It’s pretty much a truism that many (if not most) people are quicker to ask for something than they are to be grateful for that thing once it’s given to them. This is nowhere more apparent than in our prayer lives. A good friend of mine sends me an email at the beginning of each month: “What are the prayer intentions I can help you with this month?” And it’s only relatively recently I realized my response, most of the time, was to ask her to join my prayers of petition.
I’ve been painfully—no pun intended, at least not completely—aware of that lack of balance over the past month. Less than a week before Christmas, I fell and broke my arm, a compound fracture that required several hours of surgery and involved more physical pain than I’ve ever had to endure. I spent a lot of sleepless nights, moaning about how much it hurt and asking God to alleviate the pain. “Please, please, please… just one night. Just one day. Just one hour. Please make it go away.”
Eventually I listened to myself, was suitably chastised, and changed my prayer. “Please help me endure it. Please make me stronger.” Steps in the right direction, for sure, but still a request, a plea, still that pesky “please do something for me.”
When we want something, we want it with our whole being. Sometimes we can’t see anything beyond it. This is apparent in daily life: sometimes we see individuals in single-minded pursuit of power, or wealth, or fame; sometimes we see them begging for a cure for a child’s illness, or for forgiveness from someone they’ve wronged, or for a good death. Whatever it is we want, whether the aim is selfish or altruistic, that desire for “something” is somehow stitched into human DNA; only the saints seem able to overcome it.
Once we get whatever it was we wanted so badly, though, it becomes less of an obsession. We’re on to the next big thing. We forget how much we wanted what we prayed for.
Looking through the lens of my own situation, I do compare this desire—and what happens when it is slaked—to pain. As time has passed, my pain has indeed lessened, to the point where now it’s difficult to remember just how excruciating those December nights were. How I begged God for help. And I know I haven’t thanked him enough for this gradual deliverance—certainly not nearly as often as I petitioned him to make it go away.
In today’s Gospel, Mark tells the story of a leper who asks Jesus to deliver him from his disease. I have to think that wasn’t the first time this man asked for deliverance. Perhaps, like me, he lay awake at night, aware only of his sickness and how he wanted God to make it go away. Perhaps he, too, begged, “please… please… please.”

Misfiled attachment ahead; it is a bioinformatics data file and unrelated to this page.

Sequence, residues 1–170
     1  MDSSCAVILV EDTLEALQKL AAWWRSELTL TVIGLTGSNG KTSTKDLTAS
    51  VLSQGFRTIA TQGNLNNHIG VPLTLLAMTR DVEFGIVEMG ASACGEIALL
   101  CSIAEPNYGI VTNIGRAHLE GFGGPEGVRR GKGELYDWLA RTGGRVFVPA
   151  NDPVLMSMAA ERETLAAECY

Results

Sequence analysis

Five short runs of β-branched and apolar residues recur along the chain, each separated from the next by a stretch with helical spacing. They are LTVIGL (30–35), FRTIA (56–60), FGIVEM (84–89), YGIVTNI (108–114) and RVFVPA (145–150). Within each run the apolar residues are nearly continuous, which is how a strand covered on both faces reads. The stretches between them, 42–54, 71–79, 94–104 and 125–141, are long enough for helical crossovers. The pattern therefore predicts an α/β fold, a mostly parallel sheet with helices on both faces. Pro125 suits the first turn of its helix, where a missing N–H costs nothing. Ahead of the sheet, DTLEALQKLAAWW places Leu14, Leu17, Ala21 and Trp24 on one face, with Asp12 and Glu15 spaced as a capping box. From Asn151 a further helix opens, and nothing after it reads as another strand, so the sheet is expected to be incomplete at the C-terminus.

He reaches out to Jesus and is cured. He gets what he wanted.
The man now can resume the daily life his disease denied him. He can get back to normal. He returns to his village; he shows his priest proof of his cure; he offers initial thanks. But at some level, he has forgotten, already, how absolutely awful it was. He has forgotten what Jesus did for him—at no small personal risk, which we realize as the story unfolds. The man has forgotten the pain of being ostracized, the wounds on his body, the isolation and the fear. And now that he’s back in the social round, despite Jesus having sternly cautioned him not to, he shares his story—with the inevitable result of curtailing Jesus’ ability to move freely and carry on his ministry.
I don’t think this man had evil intentions, or that he wanted to purposely thwart Jesus in any way. I think he was thoughtless, careless, forgetful.
As am I.
Today is my birthday, and I have a great deal to celebrate, a great deal to be grateful for. I had an excellent surgeon. I now have moderately long stretches of time when I am relatively pain-free. I will eventually, like the man in Mark’s story, be able to resume my life much as it was before my fall. Through the grace of God, I will in fact get what I begged him for with such fervor.
But I don’t want to forget the pain. I don’t want to forget the fear, and the sense of helplessness, and the nights I wanted to die because it hurt so much. They’re already receding, and I don’t want them to. I want to remember them so I can offer thanks as much as I once cried out for help. I want to remember them so I can heed Jesus’ words about how to move forward with my life, and not just run off and do whatever I please because I’ve forgotten.
When my friend emails me in a couple of weeks and asks for my prayer intentions for February, this time around I will have a different response. I want her to echo my gratitude. And I will be doing my very best in the meantime… to not forget.
Jeannette de Beauvoir is a writer and editor with the digital department of Pauline Books & Media, working on projects as disparate as newsletters, book clubs, ebooks, and retreats that support the apostolate of the Daughters of St. Paul at http://www.pauline.org.